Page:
The findings show that honey bees forage for essential minerals that aid their physiological health, even though they have relatively few taste genes. In the fall, when floral resources dwindle, the study showed that bees seek out specific nutrients - calcium, magnesium, and potassium, all commonly found in pollen - by foraging in compound-rich or "dirty" water. When flowers and pollen are abundant in the summer, the bees prefer deionized water and sodium, ultimately suggesting that bees are foraging for minerals in water based on what is lacking in their floral diet.

Bonoan and her research team studied eight honey bee hives that were located about 100 yards from the research area. The bees were trained to come to the research site because researchers placed jars of sugar water at staged intervals until the worker bees became accustomed to the ready food supply.

Researchers set up water vials with different minerals such as sodium, magnesium or phosphorus and catalogued the number of bees that visited each vial. At the end of the day, they also measured how much the bees drank from each vessel to determine which minerals were most in demand.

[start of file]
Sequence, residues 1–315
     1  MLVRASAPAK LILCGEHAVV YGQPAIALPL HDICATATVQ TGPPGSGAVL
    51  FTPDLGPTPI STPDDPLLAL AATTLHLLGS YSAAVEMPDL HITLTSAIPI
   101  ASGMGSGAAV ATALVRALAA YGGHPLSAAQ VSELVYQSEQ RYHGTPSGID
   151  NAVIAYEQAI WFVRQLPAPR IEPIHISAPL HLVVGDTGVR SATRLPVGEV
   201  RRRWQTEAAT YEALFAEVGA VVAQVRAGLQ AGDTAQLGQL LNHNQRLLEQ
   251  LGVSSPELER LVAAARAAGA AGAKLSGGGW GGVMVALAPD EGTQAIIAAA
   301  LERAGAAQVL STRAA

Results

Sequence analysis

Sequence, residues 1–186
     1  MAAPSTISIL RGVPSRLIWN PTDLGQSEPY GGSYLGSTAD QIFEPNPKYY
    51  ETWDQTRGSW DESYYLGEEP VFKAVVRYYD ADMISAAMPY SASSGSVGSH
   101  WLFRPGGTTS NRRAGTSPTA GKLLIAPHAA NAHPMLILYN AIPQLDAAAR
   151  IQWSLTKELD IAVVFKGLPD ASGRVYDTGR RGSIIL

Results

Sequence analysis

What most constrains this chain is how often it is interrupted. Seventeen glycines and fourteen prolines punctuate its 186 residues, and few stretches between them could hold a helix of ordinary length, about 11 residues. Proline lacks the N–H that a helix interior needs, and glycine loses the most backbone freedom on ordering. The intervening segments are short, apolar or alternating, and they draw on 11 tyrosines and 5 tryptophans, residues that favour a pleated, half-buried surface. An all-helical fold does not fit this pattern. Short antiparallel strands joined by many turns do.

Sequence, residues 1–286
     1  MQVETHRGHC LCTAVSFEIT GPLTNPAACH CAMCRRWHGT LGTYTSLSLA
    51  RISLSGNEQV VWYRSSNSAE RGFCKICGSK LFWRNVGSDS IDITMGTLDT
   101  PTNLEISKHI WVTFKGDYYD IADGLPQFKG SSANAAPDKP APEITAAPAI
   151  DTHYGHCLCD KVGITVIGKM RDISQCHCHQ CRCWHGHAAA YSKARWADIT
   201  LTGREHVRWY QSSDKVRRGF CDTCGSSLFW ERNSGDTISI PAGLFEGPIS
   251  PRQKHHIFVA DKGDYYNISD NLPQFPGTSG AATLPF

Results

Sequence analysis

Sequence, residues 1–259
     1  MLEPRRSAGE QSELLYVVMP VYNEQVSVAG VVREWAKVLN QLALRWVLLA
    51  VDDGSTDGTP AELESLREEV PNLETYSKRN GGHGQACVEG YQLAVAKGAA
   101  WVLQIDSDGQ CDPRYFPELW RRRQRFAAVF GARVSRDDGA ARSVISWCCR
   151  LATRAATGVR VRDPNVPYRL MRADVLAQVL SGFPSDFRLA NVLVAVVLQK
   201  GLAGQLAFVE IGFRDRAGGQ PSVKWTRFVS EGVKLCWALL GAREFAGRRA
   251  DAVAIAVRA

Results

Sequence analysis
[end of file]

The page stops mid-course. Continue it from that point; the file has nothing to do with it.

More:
The researchers also tracked the hive each bee belonged to by dusting worker bees with different colored powders as they left the hives. The team noted which colored bees were drinking from which mineral-laden water source, and later measured the amount of brood to determine whether there is a connection between bee health and specific minerals.

The study results related to hive health were inconclusive. While stronger colonies do tend to visit more minerals than weaker colonies, it was difficult to determine which came first, being a stronger colony or accessing mineral resources. Additional data is necessary to assess colony fitness.

More information: RACHAEL E. BONOAN et al, Seasonality of salt foraging in honey bees, Ecological Entomology (2016). DOI: 10.1111/een.12375

Journal reference: Ecological Entomology search and more infowebsite

Provided by: Tufts University


Bees give up searching for food when we degrade their land

Jess Reid (UWA Media and Public Relations Adviser)

Wednesday, 8 February 2017

A new study into honey bees has revealed the significant effect human impact has on a bee’s metabolism, and ultimately its survival.

Researchers from The University of Western Australia in collaboration with Kings Park and Botanic Garden, Curtin University and CSIRO have completed a world-first study on insect metabolism in free flying insects, focusing on the honey bee. The study funded by an Australian Research Council linkage award has revealed the significant effect human impact on the environment had on bees, which are crucial for the planet, pollinating one-third of everything we eat.